In 1522 Zwingli produced his first considerable writing, the Architeles, " the beginning and the end," in which he sought by a single blow to win his spiritual freedom from the control of the bishops, and in a sermon of that year he contended that only the Holy Spirit is requisite to make the Word intelligible, and that there is no need of Church, council, or pope in the matter.
They were especially anxious to gain Bern, and Zwingli challenged the Romanists to a public disputation in that city.
On the 2nd of April 1524 the marriage of Zwingli with Anna Reinhard was publicly celebrated in the cathedral, though for some two years already he had had her to wife.
In the August of that year Zwingli printed a pamphlet in which he set forth his views of the Lord's Supper.
They proved the occasion of a conflict with Luther which was never settled, but in the meantime more attention was attracted by Zwingli's denunciation of the worship of images and of the Roman doctrine of the mass.
It was at this moment that the controversy between Luther and Zwingli took on a deeper significance.
In this Commentary there appear the mature views of Zwingli on the subject of the Elements of the Lord's Supper.
But the close of Zwingli's life was brought about by trouble nearer home.
In February 1531 Zwingli himself urged the Evangelical Swiss to attack the Five Cantons, and on the oth of October there was fought at Kappel a battle, disastrous to the Protestant cause and fatal to its leader.
Zwingli, who as chaplain was carrying the banner, was struck to the ground, and was later despatched in cold blood.
A great boulder, roughly squared, standing a little way off the road, marks the place where Zwingli fell.
Zwingli's theological views are expressed succinctly in the sixtyseven theses published at Zurich in 1523, and at greater length in the First Helvetic Confession, compiled in 1536 by a number of his disciples.'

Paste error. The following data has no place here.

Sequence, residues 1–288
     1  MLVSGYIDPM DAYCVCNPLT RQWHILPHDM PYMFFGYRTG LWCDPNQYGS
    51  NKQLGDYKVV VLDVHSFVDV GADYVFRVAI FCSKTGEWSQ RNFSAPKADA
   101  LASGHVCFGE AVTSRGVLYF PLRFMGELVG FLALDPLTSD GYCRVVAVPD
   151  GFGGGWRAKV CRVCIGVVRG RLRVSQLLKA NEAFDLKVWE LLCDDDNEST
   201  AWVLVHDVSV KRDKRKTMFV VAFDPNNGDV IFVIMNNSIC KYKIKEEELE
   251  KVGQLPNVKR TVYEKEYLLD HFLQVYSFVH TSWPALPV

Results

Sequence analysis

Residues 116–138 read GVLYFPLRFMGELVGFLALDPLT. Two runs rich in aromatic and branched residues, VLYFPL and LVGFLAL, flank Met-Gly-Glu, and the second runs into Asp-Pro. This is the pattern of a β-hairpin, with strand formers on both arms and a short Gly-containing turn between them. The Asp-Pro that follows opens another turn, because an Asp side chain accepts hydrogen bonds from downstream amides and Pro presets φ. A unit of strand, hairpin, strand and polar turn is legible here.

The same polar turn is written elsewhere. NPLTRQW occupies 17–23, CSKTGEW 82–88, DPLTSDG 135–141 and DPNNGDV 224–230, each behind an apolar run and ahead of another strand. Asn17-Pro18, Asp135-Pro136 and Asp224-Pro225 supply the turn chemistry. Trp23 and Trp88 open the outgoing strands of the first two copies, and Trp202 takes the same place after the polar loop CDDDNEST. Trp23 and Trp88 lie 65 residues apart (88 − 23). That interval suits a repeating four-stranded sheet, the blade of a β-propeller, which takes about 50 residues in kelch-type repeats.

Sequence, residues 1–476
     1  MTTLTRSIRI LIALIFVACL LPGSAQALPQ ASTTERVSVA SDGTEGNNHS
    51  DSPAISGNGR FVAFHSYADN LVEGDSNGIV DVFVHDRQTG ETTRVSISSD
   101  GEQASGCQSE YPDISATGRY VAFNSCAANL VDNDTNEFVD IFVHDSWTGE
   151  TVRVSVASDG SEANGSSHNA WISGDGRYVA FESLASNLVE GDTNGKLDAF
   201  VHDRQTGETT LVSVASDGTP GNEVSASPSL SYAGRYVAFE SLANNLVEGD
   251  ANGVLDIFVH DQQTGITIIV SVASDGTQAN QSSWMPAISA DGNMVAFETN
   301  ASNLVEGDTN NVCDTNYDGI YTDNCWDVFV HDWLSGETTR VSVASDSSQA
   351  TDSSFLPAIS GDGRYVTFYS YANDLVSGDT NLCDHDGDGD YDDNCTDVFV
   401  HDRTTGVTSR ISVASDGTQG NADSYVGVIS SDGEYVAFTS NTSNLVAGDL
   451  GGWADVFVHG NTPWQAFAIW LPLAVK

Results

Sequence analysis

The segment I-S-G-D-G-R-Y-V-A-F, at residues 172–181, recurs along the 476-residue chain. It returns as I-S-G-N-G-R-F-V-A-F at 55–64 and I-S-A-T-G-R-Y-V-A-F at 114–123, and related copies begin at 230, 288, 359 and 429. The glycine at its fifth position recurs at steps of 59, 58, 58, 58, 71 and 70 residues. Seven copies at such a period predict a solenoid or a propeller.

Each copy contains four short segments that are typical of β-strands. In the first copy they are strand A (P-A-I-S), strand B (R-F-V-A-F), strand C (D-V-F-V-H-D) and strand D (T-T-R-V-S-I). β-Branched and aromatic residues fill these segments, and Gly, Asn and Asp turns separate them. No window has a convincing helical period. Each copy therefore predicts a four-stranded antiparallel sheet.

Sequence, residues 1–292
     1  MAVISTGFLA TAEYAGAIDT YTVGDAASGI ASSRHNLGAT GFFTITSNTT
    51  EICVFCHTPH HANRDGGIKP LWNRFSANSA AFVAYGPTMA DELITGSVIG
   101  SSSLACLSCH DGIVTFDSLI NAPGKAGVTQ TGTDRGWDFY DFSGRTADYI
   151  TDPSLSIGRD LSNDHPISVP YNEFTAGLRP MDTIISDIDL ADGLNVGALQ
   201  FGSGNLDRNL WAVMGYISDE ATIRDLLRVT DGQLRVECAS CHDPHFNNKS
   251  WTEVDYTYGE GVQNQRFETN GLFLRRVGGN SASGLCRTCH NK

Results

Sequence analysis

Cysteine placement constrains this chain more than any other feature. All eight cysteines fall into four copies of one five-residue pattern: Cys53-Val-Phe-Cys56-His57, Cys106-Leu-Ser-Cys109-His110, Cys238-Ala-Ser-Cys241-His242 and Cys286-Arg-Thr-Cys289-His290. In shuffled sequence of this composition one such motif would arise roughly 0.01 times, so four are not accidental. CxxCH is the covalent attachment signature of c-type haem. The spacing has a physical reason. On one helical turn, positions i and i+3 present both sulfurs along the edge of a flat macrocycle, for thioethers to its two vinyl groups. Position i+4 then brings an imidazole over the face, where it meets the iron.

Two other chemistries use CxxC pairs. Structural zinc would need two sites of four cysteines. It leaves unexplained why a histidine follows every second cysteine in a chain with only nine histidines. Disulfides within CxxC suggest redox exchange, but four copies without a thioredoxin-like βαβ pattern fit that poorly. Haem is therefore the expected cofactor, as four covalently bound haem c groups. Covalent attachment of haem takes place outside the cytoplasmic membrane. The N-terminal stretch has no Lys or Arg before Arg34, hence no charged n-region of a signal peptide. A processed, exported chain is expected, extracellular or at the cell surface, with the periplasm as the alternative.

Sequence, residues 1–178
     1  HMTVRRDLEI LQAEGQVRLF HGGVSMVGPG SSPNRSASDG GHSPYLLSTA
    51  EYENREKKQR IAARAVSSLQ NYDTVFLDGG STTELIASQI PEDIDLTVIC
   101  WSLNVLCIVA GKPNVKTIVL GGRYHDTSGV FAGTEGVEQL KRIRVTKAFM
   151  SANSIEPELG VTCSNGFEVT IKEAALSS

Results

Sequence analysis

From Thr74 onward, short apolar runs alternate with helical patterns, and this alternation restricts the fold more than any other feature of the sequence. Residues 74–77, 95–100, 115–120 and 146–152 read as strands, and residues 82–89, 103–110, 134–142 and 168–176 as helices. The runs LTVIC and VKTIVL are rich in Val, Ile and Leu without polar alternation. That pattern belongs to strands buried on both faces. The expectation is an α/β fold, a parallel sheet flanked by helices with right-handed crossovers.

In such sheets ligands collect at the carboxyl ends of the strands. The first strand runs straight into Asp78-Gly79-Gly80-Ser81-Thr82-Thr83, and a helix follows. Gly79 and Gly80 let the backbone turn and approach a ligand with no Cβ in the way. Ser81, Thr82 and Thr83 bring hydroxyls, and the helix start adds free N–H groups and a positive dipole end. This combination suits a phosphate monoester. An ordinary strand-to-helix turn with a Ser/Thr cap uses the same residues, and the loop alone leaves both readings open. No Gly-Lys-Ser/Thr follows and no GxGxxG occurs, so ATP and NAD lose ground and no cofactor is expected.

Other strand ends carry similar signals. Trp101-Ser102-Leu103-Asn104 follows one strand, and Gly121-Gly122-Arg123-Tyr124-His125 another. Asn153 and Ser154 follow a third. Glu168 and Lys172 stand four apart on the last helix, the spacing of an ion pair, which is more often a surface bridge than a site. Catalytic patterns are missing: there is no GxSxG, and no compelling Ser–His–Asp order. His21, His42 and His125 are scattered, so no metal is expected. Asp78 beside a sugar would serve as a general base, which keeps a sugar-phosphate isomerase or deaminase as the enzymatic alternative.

As opposed to Luther, Zwingli insisted more firmly on the supreme authority of Scripture, and broke more thoroughly and radically with the medieval Church.
Luther was content with changes in one or two fundamental doctrines; Zwingli aimed at a reformation of government and discipline as well as of theology.
All rules and regulations about the public worship, doctrines and discipline of the Church were made in Zwingli's time, and with his consent, by the council of Zurich, which was the supreme civil authority in the state.
The leading Reformers - Luther, Zwingli, Melancthon - frequently expressed themselves against the prevailing view of the manifold sense of Scripture, and in particular questioned the legitimacy of allegorical interpretation - except for purposes of popular and practical exposition.
The coeval origin of consonants and vowels had indeed been questioned or denied by the earliest reformers (Luther, Zwingli, Calvin), but later, in the period of Protestant scholasticism and under the influence of one school of Jewish Rabbis, Protestant scholars in particular, and especially those .of the Swiss school, notably the Buxtorfs, had committed themselves to the view that the vowels formed an integral and original part of the text of the Old Testament; and this they maintained with all the more fervency.
He became Zwingli's best helper, and after more than a year of earnest preaching and four public disputations in which the popular verdict had been given in favour of Oecolampadius and his friends, the authorities of Basel began to see the necessity of some reformation.
In January 1528 Oecolampadius and Zwingli took part in the disputation at Berne which led to the adoption of the new faith in that canton, and in the following year to the discontinuance of the mass at Basel.
Oecolampadius was not a great theologian, like Luther, Zwingli or Calvin, and yet he was a trusted theological leader.
With Zwingli he represented the Swiss views at the unfortunate conference at Marburg.
He did not minutely analyse the doctrine of predestination as Luther, Calvin and Zwingli did, contenting himself with the summary "Our Salvation is of God, our perdition of ourselves."